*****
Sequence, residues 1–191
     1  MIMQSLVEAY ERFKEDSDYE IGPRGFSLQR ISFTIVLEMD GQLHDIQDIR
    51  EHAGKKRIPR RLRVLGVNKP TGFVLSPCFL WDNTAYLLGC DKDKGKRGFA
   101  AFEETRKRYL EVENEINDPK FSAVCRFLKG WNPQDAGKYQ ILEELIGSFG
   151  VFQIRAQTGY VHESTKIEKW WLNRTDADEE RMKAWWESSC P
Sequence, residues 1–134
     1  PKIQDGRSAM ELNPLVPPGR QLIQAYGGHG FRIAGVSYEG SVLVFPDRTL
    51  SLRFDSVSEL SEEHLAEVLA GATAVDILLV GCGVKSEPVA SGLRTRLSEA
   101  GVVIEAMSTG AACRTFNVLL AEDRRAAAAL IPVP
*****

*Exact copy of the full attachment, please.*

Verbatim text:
Sequence, residues 1–191
     1  MIMQSLVEAY ERFKEDSDYE IGPRGFSLQR ISFTIVLEMD GQLHDIQDIR
    51  EHAGKKRIPR RLRVLGVNKP TGFVLSPCFL WDNTAYLLGC DKDKGKRGFA
   101  AFEETRKRYL EVENEINDPK FSAVCRFLKG WNPQDAGKYQ ILEELIGSFG
   151  VFQIRAQTGY VHESTKIEKW WLNRTDADEE RMKAWWESSC P
Sequence, residues 1–134
     1  PKIQDGRSAM ELNPLVPPGR QLIQAYGGHG FRIAGVSYEG SVLVFPDRTL
    51  SLRFDSVSEL SEEHLAEVLA GATAVDILLV GCGVKSEPVA SGLRTRLSEA
   101  GVVIEAMSTG AACRTFNVLL AEDRRAAAAL IPVP